ANDREW HASTIE: And again, that's for the government to be clear about.

GARY ADSHEAD: Yeah I'm just trying to picture us buying steel back from China that we've sent over and iron ore components, but there you go.

ANDREW HASTIE: Well, for those who love advanced manufacturing in this country, for those who love seeing the sparks of steel being cut, this AUKUS announcement is for you and I'm super excited about that. I love industry and I think you know regrettably, we've seen a lot of our industry offshored as we've become less competitive as a country, but this is going to revive a lot of that. And I know down in my neck of the woods in the Peel Region, we've got a lot of workers. A lot of them are FIFO workers and my message today to them would be - you don't have to spend a period of time away from your family, there will be jobs and opportunities in the Peel Region in and around Rockingham as this investment goes in.

GARY ADSHEAD: Yeah, okay. This is Joe Hockey, I just wouldn't mind playing - obviously, former ambassador, of course, to the US, etc. and former treasurer. This is kind of his immediate reaction to what this all means this morning, have a listen:


Well, it means that anyone that wants to mess with Australia is going to get a bloody nose. And the message out of this is we will spend whatever it takes, and do whatever it takes, and have access to the best technology in order to defend our families, our community and our nation.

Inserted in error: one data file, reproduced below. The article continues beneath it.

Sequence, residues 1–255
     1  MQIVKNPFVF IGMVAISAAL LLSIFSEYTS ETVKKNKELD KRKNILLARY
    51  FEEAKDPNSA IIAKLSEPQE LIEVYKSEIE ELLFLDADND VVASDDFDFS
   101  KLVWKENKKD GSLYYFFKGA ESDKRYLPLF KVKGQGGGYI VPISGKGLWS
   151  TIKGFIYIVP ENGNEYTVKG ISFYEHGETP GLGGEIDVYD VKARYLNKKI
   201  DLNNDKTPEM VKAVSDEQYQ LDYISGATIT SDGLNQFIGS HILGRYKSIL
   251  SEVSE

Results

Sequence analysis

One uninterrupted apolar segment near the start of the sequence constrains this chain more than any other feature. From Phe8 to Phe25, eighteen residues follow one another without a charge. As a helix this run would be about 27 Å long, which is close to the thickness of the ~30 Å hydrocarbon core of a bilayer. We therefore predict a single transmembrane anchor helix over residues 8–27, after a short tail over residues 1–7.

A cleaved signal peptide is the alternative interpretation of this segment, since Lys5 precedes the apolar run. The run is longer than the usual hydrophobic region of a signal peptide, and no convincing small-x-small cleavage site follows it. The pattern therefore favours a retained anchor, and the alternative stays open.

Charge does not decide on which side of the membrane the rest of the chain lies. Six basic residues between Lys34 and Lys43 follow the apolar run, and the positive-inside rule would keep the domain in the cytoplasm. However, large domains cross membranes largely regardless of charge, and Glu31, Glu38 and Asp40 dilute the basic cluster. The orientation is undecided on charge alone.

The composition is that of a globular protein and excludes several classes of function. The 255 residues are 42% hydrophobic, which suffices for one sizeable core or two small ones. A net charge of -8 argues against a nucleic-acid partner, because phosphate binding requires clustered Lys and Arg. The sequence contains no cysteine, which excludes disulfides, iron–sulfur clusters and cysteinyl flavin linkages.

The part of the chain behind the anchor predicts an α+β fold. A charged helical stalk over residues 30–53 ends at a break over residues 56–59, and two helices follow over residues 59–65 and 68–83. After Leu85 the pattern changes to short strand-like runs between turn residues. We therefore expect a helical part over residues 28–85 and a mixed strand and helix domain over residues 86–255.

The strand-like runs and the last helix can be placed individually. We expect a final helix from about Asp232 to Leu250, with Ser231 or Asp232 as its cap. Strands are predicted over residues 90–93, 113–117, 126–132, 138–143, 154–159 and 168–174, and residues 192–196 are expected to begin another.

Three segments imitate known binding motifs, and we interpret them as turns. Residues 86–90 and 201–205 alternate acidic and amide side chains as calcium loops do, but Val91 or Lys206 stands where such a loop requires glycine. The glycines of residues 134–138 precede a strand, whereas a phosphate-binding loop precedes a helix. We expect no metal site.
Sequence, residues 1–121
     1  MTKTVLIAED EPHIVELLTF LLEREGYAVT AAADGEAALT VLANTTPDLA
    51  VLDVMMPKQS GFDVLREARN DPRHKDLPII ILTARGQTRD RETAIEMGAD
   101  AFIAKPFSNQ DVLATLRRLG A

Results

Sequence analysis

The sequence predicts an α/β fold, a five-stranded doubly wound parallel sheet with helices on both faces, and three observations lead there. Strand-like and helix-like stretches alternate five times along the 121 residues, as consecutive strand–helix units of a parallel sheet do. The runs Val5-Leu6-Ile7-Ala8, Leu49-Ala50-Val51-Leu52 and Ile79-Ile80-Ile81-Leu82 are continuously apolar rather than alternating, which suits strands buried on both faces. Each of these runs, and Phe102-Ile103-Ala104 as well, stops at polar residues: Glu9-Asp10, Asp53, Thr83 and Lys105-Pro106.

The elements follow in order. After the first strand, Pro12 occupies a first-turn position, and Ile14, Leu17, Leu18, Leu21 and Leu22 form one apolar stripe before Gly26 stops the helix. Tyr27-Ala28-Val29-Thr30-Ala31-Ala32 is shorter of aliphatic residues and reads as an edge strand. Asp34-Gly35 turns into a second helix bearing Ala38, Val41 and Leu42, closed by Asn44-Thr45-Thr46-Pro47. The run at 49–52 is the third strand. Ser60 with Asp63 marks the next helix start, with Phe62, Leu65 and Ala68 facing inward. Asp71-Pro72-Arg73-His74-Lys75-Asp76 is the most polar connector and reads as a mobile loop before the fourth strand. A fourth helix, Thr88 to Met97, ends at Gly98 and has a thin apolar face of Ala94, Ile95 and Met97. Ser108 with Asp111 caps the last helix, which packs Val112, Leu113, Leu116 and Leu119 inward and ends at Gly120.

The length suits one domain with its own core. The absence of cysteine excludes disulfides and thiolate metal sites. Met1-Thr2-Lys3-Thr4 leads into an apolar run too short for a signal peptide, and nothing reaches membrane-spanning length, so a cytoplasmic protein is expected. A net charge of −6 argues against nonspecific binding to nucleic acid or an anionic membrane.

GARY ADSHEAD: All right, a bloody nose. Is that the right sort of language?

ANDREW HASTIE: I'm down with that. You know, I've used right cross, punch, but basically, I come back to the schoolyard. If you might have been bullied once, I was bullied in the schoolyard a couple of times, you know, what gets rid of bullies is being able to hit back or having a mate that can help you out. And that's what we're doing here. We're making sure that Australia won't be bullied into the future and that's really, really important. So Joe was on the money there.

GARY ADSHEAD: Okay, now into the future, just finally, because this isn't going to start to roll off until 2033. When we have, as you said, the first submarine down here, there's a fair bit of time between, you know, we're talking 10 years between now and then, what happens in the meantime?

ANDREW HASTIE: Well, we're going to have US, UK nuclear subs from 2027 and the government next month as part of the Defence Strategic Review is going to announce other capabilities, which will form part of our strike capabilities going forward. So, think missiles, think drones, think other sorts of capabilities that can project offshore and hold someone at risk. Hold them at risk of a bloody nose if you like to use Joe's language.

GARY ADSHEAD: A bloody nose it is, we'll settle on that one. Thanks very much for joining us today.

ANDREW HASTIE: Thanks very much, Gary.